A man who faces murder and arson charges in the deaths of his wife and four children has regained consciousness and talked with investigators, officials said Monday.
Investigators wouldn't reveal details of the interviews with Michel Veillette, who remained hospitalized while authorities tried to sort out the Friday night tragedy in this northern Cincinnati suburb.
Veillette, 34, was stabbed, but authorities wouldn't discuss the extent of his injuries or a possible motive. His wife, Nadya Ferrari-Veillette, 33, died of multiple stab wounds. She and the couple's 4-year-old son, Vincent, were found dead at the scene; the other children died at a hospital.
"We are involved in a very complex investigation," Police Chief Ronald Ferrell said. Investigators spoke to Veillette at least twice, once for more than an hour, he said.
Investigators were also talking to relatives and friends of the family in their native Canada. The state fire marshal's office and crime lab investigators were still combing the house Monday, and authorities awaited final autopsy reports.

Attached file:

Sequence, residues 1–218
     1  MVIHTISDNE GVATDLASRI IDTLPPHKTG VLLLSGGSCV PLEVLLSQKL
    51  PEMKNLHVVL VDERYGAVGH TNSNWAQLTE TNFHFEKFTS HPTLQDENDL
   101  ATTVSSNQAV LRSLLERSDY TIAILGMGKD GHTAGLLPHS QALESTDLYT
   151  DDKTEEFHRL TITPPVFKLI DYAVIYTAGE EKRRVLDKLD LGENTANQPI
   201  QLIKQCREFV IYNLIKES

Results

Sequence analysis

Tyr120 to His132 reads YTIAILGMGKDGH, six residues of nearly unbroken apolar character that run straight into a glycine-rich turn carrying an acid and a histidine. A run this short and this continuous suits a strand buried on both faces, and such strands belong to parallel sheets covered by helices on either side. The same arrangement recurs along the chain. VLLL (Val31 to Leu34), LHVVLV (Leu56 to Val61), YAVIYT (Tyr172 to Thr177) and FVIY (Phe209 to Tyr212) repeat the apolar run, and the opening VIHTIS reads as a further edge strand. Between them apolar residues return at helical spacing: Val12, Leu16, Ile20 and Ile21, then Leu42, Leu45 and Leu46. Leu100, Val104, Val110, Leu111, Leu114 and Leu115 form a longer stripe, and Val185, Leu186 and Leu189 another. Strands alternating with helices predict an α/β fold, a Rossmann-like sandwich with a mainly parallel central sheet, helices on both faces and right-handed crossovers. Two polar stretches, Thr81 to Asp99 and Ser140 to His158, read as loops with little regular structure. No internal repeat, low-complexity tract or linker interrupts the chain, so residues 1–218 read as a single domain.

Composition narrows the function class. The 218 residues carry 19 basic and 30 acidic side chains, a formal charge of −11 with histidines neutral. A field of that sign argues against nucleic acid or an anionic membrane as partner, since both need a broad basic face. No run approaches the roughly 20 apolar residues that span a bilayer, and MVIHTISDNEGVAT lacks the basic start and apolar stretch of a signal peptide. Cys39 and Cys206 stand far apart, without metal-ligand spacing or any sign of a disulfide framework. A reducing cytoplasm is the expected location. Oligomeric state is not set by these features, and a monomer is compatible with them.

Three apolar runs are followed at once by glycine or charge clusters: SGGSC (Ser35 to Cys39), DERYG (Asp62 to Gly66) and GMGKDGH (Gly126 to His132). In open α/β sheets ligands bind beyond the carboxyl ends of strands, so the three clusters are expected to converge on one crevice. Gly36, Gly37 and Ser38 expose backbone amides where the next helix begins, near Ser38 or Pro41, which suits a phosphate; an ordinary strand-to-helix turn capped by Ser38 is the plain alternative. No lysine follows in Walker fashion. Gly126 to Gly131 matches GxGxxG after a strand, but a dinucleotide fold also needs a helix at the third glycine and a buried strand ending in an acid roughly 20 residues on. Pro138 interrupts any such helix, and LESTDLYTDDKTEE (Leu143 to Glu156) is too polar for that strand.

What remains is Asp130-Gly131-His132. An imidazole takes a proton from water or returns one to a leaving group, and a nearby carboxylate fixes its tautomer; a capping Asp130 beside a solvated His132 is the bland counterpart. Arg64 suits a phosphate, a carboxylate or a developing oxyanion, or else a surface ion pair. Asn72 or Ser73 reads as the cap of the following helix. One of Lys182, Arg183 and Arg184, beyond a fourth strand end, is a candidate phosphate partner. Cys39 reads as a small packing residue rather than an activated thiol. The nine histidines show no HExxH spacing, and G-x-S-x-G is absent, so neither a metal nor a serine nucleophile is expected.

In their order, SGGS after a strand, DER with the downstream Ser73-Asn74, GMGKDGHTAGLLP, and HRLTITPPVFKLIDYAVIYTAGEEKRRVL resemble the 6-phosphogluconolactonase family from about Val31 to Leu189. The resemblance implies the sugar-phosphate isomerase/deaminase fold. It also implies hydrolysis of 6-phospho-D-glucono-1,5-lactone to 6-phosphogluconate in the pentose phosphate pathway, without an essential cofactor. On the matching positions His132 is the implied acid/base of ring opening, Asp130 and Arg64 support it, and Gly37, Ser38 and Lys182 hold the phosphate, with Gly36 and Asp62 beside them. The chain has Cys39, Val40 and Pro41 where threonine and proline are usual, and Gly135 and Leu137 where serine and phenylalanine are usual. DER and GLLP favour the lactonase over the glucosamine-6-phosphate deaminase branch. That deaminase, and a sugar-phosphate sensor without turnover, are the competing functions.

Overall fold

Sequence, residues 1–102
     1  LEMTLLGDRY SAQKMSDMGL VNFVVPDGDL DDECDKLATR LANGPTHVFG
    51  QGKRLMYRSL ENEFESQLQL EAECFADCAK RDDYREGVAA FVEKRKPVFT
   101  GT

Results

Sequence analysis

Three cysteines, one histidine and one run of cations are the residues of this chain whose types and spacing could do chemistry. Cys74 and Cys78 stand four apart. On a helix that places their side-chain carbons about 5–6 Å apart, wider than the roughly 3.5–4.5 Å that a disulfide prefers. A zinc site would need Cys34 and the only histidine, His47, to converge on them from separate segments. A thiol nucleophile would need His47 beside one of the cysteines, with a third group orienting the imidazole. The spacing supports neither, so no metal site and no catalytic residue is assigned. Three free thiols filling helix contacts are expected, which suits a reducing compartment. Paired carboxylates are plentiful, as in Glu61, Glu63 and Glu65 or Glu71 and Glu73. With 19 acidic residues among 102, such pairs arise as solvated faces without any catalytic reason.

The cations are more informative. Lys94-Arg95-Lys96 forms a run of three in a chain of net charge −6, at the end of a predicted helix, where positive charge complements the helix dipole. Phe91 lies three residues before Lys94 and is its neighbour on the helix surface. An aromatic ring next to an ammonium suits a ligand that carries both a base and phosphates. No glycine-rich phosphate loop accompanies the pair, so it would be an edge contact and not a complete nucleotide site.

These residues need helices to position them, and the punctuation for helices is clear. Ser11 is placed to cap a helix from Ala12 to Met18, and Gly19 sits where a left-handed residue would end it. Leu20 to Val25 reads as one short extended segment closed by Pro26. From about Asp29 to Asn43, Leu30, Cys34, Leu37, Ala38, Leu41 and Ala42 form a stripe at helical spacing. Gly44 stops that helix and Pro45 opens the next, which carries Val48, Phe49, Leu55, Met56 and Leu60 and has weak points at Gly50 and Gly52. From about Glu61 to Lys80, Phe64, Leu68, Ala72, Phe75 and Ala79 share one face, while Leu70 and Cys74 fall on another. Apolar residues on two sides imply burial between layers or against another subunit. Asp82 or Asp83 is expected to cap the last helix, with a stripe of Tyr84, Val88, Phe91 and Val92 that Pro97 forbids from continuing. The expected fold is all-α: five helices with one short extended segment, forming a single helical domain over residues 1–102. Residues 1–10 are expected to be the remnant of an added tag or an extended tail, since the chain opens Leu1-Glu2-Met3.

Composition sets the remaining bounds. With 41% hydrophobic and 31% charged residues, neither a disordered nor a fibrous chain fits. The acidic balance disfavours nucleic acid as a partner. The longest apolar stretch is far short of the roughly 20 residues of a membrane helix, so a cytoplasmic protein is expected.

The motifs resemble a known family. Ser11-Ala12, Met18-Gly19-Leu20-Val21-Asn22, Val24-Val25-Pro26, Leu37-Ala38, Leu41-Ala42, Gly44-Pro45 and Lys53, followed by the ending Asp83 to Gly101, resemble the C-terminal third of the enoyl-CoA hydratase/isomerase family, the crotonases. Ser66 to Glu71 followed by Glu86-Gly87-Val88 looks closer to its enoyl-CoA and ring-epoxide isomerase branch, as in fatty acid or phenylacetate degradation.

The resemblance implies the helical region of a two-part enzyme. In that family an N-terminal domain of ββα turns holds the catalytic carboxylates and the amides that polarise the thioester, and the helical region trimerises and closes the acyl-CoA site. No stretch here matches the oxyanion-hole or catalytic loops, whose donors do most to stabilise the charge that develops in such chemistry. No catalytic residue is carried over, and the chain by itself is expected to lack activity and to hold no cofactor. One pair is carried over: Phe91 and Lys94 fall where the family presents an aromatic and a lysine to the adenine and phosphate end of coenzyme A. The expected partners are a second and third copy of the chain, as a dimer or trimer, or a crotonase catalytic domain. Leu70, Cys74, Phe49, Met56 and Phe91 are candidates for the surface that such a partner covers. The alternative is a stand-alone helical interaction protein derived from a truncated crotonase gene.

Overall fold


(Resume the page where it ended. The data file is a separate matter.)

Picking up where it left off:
A gas can was found on the second floor of the home, the state fire marshal's office said. Vincent was probably killed by carbon monoxide poisoning due to smoke inhalation.
None of the children had been stabbed, police said earlier.
Veillette faces four counts of aggravated murder, one count of murder and one count of aggravated arson. He was in serious but stable condition over the weekend but officials Monday had no update on his condition.
"Our goal right now is to bring someone to justice for what has happened to these four innocent children and their mother," Warren County Prosecutor Rachel Hutzel said at a news conference.
The other children were identified as Marguerite, 8, and twins Mia and Jacob, 3.
Neighbors said they often saw Marguerite walking to and from the bus stop accompanied by her mother and siblings. Neighbors told The Cincinnati Enquirer that the family moved to the upscale neighborhood in Mason about 18 months ago.
Veillette traveled frequently to Troy, Ohio, and Windsor, Ontario, for his job designing auto engines and was home only a few days a month, neighbors said.
Ferrari-Veillette, who worked part-time at a cafe, often volunteered for cafeteria duty at her older daughter's school.